Campbell (W. B.) Papers, 1861-1863, 4 Items

Administrative Information


Access: Unrestricted

Copyright: The copyright of these letters is held by Navarro College Archives, Navarro College, 3200 W. 7th Ave., Corsicana, Texas. Internet: archives@navarrocollege.edu.

Cite As:W. B. Campbell Papers, 1861-1863, Pearce Civil War Collection, Navarro College, Corsicana, Texas

Forms Part of: Pearce Civil War Collection

Location: 1-E24-d

Transcription(s): Yes

Scanned Copies on File: No

Accession Number: 2004.474

Processed by: Rosalie Meier, November 2005

Reproductions of original materials and transcriptions may be available. Please contact the archivist for further information.

Abstract: In three letters written to his Aunt Wood in Montgomery County, Texas, W. B. Campbell tells of life in the army including a description of his experience at the battle of Antietam. Included in the collection is one postal cover addressed to Mrs. E. A Wood.

Biographical/Historical Sketch

Known as “Bose,” W. B. Campbell was born in Alabama ca. 1834, son of William Archibald Campbell and Elizabeth A. Barnes. He was orphaned as a young boy and was sent to live with his brother, Duncan G. Campbell in Huntsville, Walker County, Texas. Campbell served in Company D of the 5th Texas Infantry, known as Hoods Texas Brigade from 1861 until he was paroled in May 1865 at the end of the war. In December, 1863 he was captured at Knoxville, Tennessee and spent the remainder of the war at Rock Island Prison in Illinois. According to family information Campbell never married and died sometime during the 1880’s.

Scope and Content Note

In a letter written from Richmond dated September 20, 1861, Campbell expresses feelings of homesickness writing, "A trip of this sort is the best school to learn one to appreciate the love of friends and comforts of home." He also indicates he is tired of marching when he says "I was never made for walking. I have become so perfectly disgusted with it that if I ever get home horse flesh will be bound to suffer." Campbell has visited the city and found the women to be "the ugliest set of ladies I ever saw."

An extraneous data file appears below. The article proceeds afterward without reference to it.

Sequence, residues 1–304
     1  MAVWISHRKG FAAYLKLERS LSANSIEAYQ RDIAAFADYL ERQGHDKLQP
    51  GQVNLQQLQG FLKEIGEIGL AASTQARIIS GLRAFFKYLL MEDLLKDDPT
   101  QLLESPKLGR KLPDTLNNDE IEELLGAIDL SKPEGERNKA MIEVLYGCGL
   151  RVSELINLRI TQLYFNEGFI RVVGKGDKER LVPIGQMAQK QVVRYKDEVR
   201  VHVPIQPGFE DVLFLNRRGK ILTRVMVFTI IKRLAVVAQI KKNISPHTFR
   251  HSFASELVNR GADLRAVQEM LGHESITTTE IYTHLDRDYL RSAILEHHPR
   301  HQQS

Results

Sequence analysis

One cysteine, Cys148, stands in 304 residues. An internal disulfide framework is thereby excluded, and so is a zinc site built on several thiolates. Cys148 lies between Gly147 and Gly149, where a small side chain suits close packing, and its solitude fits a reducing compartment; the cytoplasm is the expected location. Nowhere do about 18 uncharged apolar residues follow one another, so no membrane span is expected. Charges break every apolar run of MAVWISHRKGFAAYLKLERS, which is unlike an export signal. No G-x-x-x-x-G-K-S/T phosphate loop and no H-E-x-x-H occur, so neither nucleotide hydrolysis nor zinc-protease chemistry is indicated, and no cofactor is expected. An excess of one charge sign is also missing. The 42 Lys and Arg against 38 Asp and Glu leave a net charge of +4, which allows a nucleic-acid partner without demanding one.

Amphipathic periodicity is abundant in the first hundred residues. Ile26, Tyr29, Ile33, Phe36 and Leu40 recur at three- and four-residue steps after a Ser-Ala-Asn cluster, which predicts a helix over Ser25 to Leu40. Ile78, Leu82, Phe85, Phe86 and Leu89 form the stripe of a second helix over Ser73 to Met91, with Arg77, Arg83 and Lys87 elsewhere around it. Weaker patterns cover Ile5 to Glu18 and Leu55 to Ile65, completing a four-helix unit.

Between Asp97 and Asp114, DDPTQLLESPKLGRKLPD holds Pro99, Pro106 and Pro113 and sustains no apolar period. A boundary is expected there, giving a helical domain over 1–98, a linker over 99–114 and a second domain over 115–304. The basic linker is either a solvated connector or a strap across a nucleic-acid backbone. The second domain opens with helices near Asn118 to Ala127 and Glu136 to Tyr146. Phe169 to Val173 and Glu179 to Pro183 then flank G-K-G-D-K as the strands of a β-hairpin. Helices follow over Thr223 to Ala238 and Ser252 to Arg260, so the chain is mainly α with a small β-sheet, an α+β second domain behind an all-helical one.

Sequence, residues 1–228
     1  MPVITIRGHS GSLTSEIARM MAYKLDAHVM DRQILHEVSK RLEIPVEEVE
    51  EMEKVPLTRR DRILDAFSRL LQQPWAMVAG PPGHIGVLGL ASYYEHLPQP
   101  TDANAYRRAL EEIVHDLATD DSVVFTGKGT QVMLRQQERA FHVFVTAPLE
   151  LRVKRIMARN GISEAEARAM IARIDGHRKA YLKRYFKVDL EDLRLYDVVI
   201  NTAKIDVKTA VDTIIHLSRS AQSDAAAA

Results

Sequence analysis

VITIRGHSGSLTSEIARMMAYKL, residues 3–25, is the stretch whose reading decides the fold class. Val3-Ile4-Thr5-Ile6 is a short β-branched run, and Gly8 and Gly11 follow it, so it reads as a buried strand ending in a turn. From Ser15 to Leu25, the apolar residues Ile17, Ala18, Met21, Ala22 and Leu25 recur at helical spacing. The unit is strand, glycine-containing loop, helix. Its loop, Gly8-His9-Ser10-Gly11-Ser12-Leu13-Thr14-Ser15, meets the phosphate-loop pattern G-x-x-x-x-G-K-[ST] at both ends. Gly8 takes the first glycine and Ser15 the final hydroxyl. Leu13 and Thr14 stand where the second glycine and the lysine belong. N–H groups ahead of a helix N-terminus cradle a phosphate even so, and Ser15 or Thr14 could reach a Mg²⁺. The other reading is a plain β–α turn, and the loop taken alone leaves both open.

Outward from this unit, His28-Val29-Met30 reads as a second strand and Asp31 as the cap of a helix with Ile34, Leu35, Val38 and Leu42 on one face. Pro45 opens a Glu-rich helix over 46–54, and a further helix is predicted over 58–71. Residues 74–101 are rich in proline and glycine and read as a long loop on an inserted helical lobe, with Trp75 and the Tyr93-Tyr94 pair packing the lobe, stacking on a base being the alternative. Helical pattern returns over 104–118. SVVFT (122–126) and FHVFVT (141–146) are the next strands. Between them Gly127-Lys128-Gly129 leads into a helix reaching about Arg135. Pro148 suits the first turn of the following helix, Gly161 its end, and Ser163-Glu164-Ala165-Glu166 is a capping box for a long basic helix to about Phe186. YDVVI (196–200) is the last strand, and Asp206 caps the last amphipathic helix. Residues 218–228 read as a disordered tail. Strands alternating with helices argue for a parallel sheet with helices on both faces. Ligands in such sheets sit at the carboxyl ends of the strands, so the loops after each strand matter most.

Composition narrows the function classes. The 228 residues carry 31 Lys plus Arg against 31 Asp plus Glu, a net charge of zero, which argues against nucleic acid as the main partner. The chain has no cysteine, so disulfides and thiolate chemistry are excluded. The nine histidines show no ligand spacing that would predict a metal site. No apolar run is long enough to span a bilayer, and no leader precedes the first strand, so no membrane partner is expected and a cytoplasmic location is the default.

From near Winchester, Virginia, on September 30, 1862, Campbell writes to let his aunt know his whereabouts and writes of a "short and unfortunate trip through Maryland..." He tells about the second battle of Bull Run and Antietam, and the part played by his brigade. Telling of being fired upon and clashing with the Zouaves, Campbell writes "Their dress made them a good mark and long will they remember the fifth Texas." At the end of the letter Campbell writes "We found very few secessionists in Maryland and our whole forces are opposed to going into it again."

The last letter was written near Richmond on February 26, 1863. Apparently Campbell had been on furlough for he writes that "I was neither wanted or looked for and could have staid at home until spring without any trouble." He discusses his views on the prospects for an early peace, but is not very optimistic. He writes "The only chance that now exists is that the north western states may be able to create a difficulty among themselves." The letter also contains news of relatives that are in the war with him and men from the same area who would be known to Aunt Wood.


The copyright of these materials is managed by the Navarro College Archives on behalf of the Navarro College Foundation, 3100 W. Collin St., Corsicana, Texas 75110. Phone: 903-875-7438. Internet: archives@navarrocollege.edu.